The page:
Gavin Williamson is set to order an investigation by the Office for Students into university rape culture. It comes after ‘Everyone’s Invited’ published accounts of abuse at schools across the country, particularly private ones, and is now releasing testimonies from universities. I am thoroughly unsurprised to see my own university named, but the website’s list will not be an exhaustive one. That the discussion in government and the media around sexual violence has not entirely disappeared after being brought to prominence by the death of Sarah Everard is something I will cling to; reviews by a couple of watchdogs are not going to cut it, however. While ministers are happy to back probes, they find it a lot harder to take action – via funding and legislation – that could genuinely help to tackle male violence against women and girls.
The Tories yesterday rejected an amendment to the domestic abuse bill that would have introduced a register of serial perpetrators. The government had first suggested it might adopt the proposal, but then U-turned, saying it would “add complexity” to existing arrangements “without any gain”. Labour women cited harrowing examples of repeat abusers and asked whether such cases would exist if the status quo were working well enough, yet got no answers. Efforts to fully support migrant victims were also struck down, despite evidence that perpetrators use immigration status against their victims. Ministers instead offered to fund a pilot programme, which Labour criticised as being full of holes. Survivor Apsana Begum MP shared her views and experiences in a LabourList piece.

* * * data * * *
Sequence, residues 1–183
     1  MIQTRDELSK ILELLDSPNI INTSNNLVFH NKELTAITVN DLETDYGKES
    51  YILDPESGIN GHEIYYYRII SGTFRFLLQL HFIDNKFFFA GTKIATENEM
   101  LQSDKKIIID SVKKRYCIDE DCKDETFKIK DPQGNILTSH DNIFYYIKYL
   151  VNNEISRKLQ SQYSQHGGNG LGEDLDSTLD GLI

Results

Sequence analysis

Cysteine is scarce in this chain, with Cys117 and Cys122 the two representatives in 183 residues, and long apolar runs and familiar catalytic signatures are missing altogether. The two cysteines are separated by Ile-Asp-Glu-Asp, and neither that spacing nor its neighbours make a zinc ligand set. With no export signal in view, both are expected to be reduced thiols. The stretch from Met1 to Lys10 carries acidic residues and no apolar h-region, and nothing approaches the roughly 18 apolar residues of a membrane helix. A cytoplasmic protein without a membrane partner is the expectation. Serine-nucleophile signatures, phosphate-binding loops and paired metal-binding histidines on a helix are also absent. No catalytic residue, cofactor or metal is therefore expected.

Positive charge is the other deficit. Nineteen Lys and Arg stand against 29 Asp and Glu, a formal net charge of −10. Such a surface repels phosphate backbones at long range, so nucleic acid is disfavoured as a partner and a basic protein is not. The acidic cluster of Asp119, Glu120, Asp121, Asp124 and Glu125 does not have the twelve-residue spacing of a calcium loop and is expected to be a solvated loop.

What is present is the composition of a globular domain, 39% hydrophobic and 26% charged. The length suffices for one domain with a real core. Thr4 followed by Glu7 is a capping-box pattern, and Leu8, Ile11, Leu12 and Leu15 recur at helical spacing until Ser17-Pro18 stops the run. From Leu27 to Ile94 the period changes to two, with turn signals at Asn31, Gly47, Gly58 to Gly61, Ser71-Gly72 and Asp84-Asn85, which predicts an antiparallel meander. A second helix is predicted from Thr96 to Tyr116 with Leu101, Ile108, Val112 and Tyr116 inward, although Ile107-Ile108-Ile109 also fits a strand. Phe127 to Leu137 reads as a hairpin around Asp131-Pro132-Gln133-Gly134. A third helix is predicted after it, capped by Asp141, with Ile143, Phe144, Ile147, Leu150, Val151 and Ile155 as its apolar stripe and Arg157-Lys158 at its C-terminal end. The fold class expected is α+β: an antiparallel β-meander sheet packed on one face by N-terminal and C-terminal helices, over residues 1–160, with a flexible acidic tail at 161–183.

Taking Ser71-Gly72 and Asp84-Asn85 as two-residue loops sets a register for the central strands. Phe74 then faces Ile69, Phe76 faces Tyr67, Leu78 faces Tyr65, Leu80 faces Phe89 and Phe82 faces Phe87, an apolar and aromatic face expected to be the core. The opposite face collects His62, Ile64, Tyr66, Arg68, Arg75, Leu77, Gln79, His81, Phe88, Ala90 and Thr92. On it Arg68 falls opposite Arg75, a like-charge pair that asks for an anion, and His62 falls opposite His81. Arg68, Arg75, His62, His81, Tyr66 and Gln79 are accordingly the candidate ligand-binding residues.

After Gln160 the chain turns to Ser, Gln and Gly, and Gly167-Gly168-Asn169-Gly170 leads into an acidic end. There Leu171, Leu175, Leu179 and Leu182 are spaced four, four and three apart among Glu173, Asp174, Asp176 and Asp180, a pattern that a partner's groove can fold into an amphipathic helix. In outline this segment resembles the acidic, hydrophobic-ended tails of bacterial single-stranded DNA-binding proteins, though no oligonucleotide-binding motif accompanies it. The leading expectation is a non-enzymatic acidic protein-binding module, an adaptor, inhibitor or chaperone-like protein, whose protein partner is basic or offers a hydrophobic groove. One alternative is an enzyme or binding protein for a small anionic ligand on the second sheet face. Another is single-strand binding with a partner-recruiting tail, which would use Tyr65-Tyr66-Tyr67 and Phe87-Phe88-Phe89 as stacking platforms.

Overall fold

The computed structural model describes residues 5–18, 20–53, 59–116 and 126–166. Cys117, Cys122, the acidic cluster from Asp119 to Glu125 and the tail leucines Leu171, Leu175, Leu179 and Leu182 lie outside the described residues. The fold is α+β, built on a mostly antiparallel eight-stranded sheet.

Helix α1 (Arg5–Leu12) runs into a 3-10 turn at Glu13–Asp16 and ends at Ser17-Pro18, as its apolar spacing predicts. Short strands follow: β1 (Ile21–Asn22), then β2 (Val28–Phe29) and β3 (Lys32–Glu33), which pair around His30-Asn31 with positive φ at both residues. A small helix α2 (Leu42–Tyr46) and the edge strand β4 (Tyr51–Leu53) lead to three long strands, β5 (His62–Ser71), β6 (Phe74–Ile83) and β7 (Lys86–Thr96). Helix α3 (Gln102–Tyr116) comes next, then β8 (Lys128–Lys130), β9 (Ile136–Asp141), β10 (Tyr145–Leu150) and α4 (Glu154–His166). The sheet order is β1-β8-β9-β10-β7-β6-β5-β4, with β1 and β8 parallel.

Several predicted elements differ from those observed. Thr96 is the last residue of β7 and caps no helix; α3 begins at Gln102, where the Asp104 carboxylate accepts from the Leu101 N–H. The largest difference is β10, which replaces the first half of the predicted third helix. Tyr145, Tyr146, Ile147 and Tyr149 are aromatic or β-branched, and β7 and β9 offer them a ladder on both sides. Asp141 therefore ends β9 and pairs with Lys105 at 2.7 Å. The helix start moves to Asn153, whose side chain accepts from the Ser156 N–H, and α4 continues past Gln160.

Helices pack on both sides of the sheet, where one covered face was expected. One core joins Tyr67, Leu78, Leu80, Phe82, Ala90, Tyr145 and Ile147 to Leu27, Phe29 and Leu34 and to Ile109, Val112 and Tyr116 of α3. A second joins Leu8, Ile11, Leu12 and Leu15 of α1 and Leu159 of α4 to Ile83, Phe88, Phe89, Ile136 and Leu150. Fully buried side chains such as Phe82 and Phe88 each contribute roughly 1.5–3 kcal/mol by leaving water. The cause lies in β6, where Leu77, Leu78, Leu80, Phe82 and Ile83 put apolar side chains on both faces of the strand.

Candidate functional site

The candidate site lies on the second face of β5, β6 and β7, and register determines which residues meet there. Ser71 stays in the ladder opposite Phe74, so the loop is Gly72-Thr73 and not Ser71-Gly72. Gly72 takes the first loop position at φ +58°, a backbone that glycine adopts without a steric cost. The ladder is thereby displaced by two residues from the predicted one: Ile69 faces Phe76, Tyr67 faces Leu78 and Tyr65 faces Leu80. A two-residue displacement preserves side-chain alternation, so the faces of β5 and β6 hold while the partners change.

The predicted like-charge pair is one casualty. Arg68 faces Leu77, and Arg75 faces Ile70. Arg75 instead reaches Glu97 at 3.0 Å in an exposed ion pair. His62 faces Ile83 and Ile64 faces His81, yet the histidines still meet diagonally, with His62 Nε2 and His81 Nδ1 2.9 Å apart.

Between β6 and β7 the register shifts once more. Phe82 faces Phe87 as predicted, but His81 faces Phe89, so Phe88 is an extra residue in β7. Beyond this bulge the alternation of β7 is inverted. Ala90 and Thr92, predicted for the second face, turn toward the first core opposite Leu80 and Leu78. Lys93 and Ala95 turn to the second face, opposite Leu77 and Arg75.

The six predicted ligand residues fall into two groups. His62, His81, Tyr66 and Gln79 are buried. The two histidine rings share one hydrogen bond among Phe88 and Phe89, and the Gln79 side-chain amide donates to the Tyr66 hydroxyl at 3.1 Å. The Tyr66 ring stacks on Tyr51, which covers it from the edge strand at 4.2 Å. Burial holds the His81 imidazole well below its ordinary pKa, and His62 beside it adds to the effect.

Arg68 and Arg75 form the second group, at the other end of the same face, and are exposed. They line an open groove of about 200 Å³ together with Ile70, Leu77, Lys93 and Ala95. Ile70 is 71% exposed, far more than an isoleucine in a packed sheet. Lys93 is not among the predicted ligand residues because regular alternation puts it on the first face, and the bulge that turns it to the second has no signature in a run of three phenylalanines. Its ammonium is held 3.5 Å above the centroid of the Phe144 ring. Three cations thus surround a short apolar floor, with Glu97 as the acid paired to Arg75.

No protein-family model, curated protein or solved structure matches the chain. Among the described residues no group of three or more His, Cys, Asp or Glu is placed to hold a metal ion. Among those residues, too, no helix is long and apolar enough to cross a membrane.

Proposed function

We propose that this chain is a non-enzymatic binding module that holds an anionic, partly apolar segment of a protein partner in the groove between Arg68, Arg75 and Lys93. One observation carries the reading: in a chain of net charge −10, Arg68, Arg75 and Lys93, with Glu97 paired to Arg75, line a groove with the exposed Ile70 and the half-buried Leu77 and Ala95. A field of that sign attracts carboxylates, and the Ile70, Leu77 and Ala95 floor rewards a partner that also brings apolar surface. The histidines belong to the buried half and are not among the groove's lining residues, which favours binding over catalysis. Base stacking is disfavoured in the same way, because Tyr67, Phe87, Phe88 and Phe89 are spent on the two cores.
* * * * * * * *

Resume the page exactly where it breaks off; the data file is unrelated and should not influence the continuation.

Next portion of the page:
More Tory cronyism stories are getting their way into the papers before Prince Philip’s funeral dominates news tomorrow. The Health Service Journal reported last night that Matt Hancock failed to declare close family connections to a company that won a deal to provide services to the NHS in 2019, as well as contracts with NHS Wales. The Department of Health says the minister “acted entirely properly” and there was “no conflict of interest”. That the firm secured a deal to provide shredding services has given Westminster a laugh. The story naturally prompted Labour to whip out its attack line: “It’s one rule for them, another for everybody else.”
It has also emerged that a second Cabinet Office adviser worked for Greensill while a civil servant. “Revelations like this keep growing the web of the Greensill scandal,” Rachel Reeves told The Guardian. Purely anecdotal evidence suggests it is starting to reach those who do not follow every move in Westminster politics, but electorally can this counteract the vaccine bounce or Labour’s decline in the polls? The latest from YouGov via The Times, conducted before the lobbying stories hit their stride, shows the Tories are 14 points ahead. UK Labour appears to be losing support not only to the Tories but also the Greens and Lib Dems, which critics say is the risk of a laser-focus on the so-called “Red Wall”. Keir Starmer’s strategy and his top team will face thorough scrutiny if the May election results are as bad as many party insiders fear.
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